Walking into Lion Video, you probably won’t notice the plaques hung on the inside wall: Best Independent Video Store, Best Video Rental Store and a few other accolades from the Miami news-magazines. Instead, your focus will be on making it to the center of the store, where you’ll hit, sometimes literally, three long, narrow aisles of the most diverse and obscure selection of DVDs and tapes around.
Lion Video is in its ninth year of operation at its tiny Coral Gables location. Driving along Ponce De Leon in search of it is a tricky, almost cinematic endeavor, so expect a few illegal U-turns and spontaneous outbursts of loud cursing, but once there, it’s all worth it. Lion Video is a movie lover’s dream. The aisles are stocked with foreign films, American classics and new releases. The only problem is that in its nine-year history, Lion Video has amassed so many tapes and DVDs that space is becoming a concern.
“We’re running out of space, because we have so many films now,” said Ubaldo Zambrano – Le Coeur, one of Lion Video’s two owners. “We’re trying to make it better; to give it more space.”
About 75 percent of the store’s collection is made up of foreign films, the majority from France, Spain, Mexico and Italy. One of Lion Video’s best ideas is to put the works of an acclaimed director on a shelf entirely to its own. Spain’s Pedro Almodovar (Talk to Her), American filmmaker John Cassavetes (A Woman Under the Influence) and independent pioneer Jim Jarmusch (Permanent Vacation) all have sections dedicated to their films. The store also displays a large collection of classic films from Alfred Hitchcock and Woody Allen.
Based on a short visit to the store, it seems that Ubaldo, Ubi for short, is the heart of Lion Video. His main responsibility is to manage the foreign section, and he fills a small rack in the store with his favorite French films. The regulars all seem to know him, waving goodbye as they exit and hello as they enter.
Ubi’s voice is calm and quiet, and his French heritage is evident in his accent. He seems shy when talking about himself, but doesn’t hesitate to rattle off a well-checked list of his favorite French films and some of the store’s best rentals. His love for foreign films is apparent upon meeting him, as well as his devotion to his customers.
Ubi insisted that this interview take place outside of the store. “It’s quieter out here,” he shouts above the stream of passing traffic, and he’s probably right. Ubi estimates that 400 people come in and out of the store each day, and while that might seem a bit of an exaggeration, it’s easy to see where he’s coming from. For a store not much bigger than the comedy section at Blockbuster, there are at least 10 customers inside at a time picking up rentals for Saturday night. It’s heartwarming to see many of them on cell phones with their spouses, talking excitedly about the next movie from the director of the film they loved so much last weekend. Or, at least better than the guys lurking around Blockbuster contemplating whether to pick up Collateral Damage or Men in Black II.
As Ubi stands on the sidewalk answering questions, customers actually greet him on the way to their cars. They seem genuinely happy with their choices and with Lion Video as a whole, a welcome alternative to the contractual greetings of faceless video chains. Yet Ubi refuses to produce the Jerry Maguire-type rant against money-grubbing video rental conglomerates that we’d expect. Instead, he understands Lion Video’s place amongst his competitors.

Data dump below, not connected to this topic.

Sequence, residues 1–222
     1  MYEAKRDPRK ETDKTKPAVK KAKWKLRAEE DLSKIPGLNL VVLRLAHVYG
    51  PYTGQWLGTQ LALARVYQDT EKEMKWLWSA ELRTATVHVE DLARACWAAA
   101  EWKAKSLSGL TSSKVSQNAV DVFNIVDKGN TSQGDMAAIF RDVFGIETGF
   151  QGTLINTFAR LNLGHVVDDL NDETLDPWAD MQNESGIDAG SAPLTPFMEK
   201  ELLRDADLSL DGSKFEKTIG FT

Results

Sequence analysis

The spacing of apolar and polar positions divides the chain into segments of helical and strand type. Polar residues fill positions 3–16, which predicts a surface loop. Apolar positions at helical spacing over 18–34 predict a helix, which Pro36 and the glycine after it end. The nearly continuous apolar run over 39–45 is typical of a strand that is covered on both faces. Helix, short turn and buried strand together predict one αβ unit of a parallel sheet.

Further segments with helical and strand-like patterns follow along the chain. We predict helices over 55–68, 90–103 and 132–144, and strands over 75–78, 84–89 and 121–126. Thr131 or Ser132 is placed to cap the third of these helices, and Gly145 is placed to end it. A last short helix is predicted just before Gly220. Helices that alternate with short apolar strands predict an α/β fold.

“Blockbuster is a good company,” Ubi offers. “I’m not going to put them down in any way. They are a good company and they specialize in American films, and they have good deals, and they have a product that people want to see. But some people like foreign [films]. Many of our customers will go to Blockbuster to rent American films, and then to get a taste of foreign films, they come here.”
On this peculiarly cold afternoon, Lion Video has three additional employees alongside Ubi working the counter. Alain Hernandez has worked there for seven months. His motivations for getting a job at an independent video store do not follow the typical indie-hipster sentiments. Alain had never been a big movie fan, rarely encountering a foreign film. After a friend got him the job at Lion, however, he started to watch some of the movies.
“There’s so many different genres out there that I didn’t even know existed until I worked here. Isaac [Santos], the owner, he’s awesome at catching these rare, independent foreign movies.”
Alain goes on to explain the movies he’s most inspired by; a guy who seven months ago had never heard of Lion Video, now discusses an interest in Japanese directors and films. He mentions how Ubi teaches the staff about foreign films, and how he even recommends some of his favorites to inquiring customers.
While talking with Ubi about American thrillers, the differences between DVD and VHS, and the impact that subtitles have on customers’ choices, he gets that look in his eye – a welcomingly pierced tap of endless discussion. Avoiding Harry Knowles-style buttering, it’s the look that grandparents get when they talk about their youth, and the look that old retired athletes get when they reminisce about their playing days. But Ubi is only in his 20’s. He became a co-owner five years ago, joining the store’s founder, Isaac Santos.
It’s clear that Ubi loves movies, like most people. But above all, he loves introducing customers to movies that they will love. ‘This is my hobby, this is my work, this is my home,” he says.
Shawn Wines can be reached at firstname.lastname@example.org.